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« Reply #6 on: March 10, 2003, 05:00:59 AM »

The only possible answer is: who knows? We all know that after Giù la testa Leone was going to shoot just the movies he wanted to shoot. He even refused The Godfather for fear to be stopped in his project for OUTA, and after OUTA  there was the Leningrad story... both films, or better the ideas, were born form tha reading of a book, so... who knows what would have been the next one?
I read both The Hoods and The 900 days (sources for OUTA and OUTL???  Grin) and though I find them extremely different - heavy and gloomy and grievous the latter, the former funny and easy - they have a common, unquestionable, feature: they interested Leone.
But after that, there are no other things that connect tightly the books, the stories: I don't think there's many people that after OUTA could have guessed his next project.

And now, the Vietnam argument. What you say, Shorty, is right but I think that if the right book would have inspired Leone's cinematographic imagination, we'd have enjoyed a new masterpiece of the genre, even if generally considered already exhausted by the time.

to you all, bye and bye

« Last Edit: March 10, 2003, 05:02:30 AM by TBPJMR » Logged

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« Reply #7 on: March 10, 2003, 08:15:31 AM »

The only possible answer is: who knows? We all know that after Giù la testa Leone was going to shoot just the movies he wanted to shoot. He even refused The Godfather

i have to say, that leone would have flopped in comparison to FFC at doing godfather, not because he is the weaker director because the style would have flopped with the story.  i can't explain but i'm delighted he didn't go ahead with it

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« Reply #8 on: March 10, 2003, 08:19:10 AM »

Leone was already abandoning this genre,

i agree with this, (it is obvious to all, its no opinion but a fact.)  I feel Leone would have been excellent in doing a romance, or a historical movie set away from America.  Mabye China, Italy or whoknows even dear old Blighty but he spent too long on a country, don't get me wrong a fascinating one, which has very little history.  Leone could have done an epic English Civil War story.  Or even a crouching tiger styled movie (minus all the over the top special effects)

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« Reply #9 on: March 10, 2003, 09:03:52 AM »

After shooting ouatia, Leone said (in a french newspaper) taht he wanted to do an other western, but he didn't think that the public for western was still there.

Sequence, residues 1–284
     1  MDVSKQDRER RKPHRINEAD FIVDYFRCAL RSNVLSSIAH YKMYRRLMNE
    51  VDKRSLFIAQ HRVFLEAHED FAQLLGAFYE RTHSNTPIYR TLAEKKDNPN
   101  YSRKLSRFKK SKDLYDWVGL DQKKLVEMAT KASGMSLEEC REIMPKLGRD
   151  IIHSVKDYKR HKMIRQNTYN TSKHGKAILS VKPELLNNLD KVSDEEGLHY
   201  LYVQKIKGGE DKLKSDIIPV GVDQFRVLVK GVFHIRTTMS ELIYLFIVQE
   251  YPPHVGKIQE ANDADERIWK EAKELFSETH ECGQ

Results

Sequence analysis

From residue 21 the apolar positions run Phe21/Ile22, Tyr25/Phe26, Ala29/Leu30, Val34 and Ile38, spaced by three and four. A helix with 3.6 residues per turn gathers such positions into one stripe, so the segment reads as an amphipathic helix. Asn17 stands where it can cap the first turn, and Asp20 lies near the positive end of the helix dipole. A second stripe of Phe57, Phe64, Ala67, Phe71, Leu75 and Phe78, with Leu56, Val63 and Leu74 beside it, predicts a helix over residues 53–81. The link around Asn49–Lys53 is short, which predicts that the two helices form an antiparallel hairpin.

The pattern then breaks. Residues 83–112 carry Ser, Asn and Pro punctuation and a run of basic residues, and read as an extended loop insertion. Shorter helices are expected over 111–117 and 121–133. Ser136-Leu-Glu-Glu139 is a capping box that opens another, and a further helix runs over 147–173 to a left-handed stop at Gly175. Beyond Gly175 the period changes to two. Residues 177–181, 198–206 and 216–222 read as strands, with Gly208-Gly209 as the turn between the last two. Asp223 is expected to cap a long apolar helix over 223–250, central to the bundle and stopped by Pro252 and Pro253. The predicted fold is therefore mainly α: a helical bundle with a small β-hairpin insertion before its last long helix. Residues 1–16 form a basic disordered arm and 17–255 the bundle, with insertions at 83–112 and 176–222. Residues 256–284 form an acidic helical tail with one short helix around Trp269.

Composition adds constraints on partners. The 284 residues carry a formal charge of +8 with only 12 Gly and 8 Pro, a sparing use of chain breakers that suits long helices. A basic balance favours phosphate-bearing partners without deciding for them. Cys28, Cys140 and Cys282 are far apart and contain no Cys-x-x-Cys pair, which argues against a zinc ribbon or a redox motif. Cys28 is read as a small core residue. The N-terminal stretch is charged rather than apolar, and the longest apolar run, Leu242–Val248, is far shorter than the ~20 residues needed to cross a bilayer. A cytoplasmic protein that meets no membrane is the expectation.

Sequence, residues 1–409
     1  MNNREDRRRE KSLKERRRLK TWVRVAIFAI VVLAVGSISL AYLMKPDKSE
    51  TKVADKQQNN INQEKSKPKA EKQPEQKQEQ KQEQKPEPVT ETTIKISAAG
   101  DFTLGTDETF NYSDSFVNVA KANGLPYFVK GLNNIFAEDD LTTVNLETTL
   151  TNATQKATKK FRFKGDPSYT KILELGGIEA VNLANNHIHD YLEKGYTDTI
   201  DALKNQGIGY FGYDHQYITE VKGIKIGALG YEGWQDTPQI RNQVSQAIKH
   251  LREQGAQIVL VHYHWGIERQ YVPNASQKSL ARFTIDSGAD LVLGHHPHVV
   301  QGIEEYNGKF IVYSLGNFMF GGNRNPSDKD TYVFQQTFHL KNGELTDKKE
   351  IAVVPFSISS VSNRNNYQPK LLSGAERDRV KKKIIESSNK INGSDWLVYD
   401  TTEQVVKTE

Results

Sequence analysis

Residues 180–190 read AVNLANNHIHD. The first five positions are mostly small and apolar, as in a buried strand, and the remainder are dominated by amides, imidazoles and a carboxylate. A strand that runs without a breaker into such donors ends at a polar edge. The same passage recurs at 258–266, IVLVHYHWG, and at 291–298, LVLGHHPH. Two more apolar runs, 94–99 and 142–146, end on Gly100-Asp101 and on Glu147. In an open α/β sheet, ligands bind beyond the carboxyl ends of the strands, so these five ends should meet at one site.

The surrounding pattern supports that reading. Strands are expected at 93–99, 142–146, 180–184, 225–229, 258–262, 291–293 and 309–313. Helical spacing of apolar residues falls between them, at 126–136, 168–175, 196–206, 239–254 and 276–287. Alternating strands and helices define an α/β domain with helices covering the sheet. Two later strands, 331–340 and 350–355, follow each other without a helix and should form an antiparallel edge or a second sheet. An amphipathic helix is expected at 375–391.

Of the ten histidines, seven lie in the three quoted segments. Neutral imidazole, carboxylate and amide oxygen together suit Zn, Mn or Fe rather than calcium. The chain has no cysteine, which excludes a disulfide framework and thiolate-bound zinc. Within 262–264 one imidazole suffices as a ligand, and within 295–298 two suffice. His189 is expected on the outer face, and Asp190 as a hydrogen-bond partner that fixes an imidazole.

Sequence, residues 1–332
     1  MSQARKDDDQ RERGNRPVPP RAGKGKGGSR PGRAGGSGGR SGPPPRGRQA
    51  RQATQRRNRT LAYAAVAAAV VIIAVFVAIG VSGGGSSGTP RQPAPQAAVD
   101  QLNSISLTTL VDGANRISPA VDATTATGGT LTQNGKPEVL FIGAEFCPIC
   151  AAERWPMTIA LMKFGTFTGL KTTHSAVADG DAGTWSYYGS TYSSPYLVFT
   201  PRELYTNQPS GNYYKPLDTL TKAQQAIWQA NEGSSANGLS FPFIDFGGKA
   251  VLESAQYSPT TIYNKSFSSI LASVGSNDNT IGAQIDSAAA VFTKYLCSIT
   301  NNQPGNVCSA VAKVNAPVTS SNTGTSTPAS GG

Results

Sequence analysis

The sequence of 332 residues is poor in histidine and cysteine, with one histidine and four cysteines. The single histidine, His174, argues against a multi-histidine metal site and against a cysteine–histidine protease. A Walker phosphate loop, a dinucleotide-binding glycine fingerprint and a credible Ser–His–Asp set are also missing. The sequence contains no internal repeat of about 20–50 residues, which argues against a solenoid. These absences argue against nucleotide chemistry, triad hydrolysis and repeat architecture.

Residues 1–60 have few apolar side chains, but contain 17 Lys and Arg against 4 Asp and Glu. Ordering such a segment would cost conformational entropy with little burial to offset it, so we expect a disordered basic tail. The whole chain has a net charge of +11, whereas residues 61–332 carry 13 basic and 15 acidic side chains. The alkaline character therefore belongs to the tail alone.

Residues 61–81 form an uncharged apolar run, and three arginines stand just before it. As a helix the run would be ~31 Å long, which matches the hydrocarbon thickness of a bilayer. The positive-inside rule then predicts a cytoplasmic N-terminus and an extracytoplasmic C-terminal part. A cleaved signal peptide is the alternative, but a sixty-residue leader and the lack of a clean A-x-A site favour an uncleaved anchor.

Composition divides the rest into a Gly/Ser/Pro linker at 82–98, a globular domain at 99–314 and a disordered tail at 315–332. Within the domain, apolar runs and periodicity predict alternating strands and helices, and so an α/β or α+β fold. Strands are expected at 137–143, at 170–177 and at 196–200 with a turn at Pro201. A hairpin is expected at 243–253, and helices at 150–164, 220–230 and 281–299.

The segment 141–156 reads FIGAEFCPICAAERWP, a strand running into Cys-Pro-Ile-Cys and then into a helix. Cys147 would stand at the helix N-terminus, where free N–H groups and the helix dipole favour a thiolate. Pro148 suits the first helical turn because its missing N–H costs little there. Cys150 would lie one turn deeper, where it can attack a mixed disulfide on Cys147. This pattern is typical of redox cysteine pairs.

When he was thinking to "the 100 days of Stalingrad" (french title), he wanted to do a new trilogie, about "after the american dream".

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« Reply #10 on: March 10, 2003, 12:09:10 PM »

Wow, this is really interesting. A trilogy about "after the american dream".

Leone was really fascinated by the history of the US and he certainly would have produce a magnificent work about the "after american dream".

Always, with his particular vision of cinema, photography, camera angles and a great actors directing.

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« Reply #11 on: March 12, 2003, 11:42:36 AM »

Do you remember "enemy at the gate" of j.j. annaud?
About this movie, Annaud said:
«Tourner ce film a aussi été pour moi une façon de rendre hommage à Sergio Leone, qui voulait faire un film sur la bataille de Stalingrad. Quand il est mort, j'ai appris qu'il avait pensé à moi pour poursuivre le projet. Pour différentes raisons, je n'avais pas pu le faire.»

which means:

"Doing this movie was for me a kind of hommage to sergio leone, who wanted to do a movie about the battle of stalingrad. When he died, i've learne that he had thought to me for go on the project. For lot of things, i couldn't."

i think i can find a picture of the poster of the project "the 100 days of stalingrad"... wait a moment...

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« Reply #12 on: March 12, 2003, 11:47:09 AM »

I'm sorry, the title of the project was: Les 900 jours de Leningrad
which means the 900 days of leningrad.

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« Reply #13 on: March 12, 2003, 11:49:26 AM »

Look here:
http://franckiesmovies.free.fr/Leone.html

this is a french page, but look down... a little picture...

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« Reply #14 on: March 12, 2003, 11:54:26 AM »

Leone talking about the first scene of his project:
"Leningrad, 1942. Chostackovitch joue du piano dans un appartement cossu. Gros plan sur les mains du pianiste. Travelling arrière, la caméra sort de l'appartement par la fenêtre, virevolte sur elle-même (procédé Dolly), survole les rues où la population de Leningrad s'apprête à affronter l'ennemi nazi aux portes de la ville, s'affairant dans tous les sens, la caméra survole les rues, traverse la ville pour rejoindre les collines d'où survient un panzer allemand. La caméra s'arrête sur la bouche de canon et c'est la déflagration. Stop. Générique: "Les 900 Jours de Leningrad".

I'm sorry, i can't translate that... you'll have to ask somebody else, has you know, my english is a little bit "limited".

The principal actor was going to be de niro.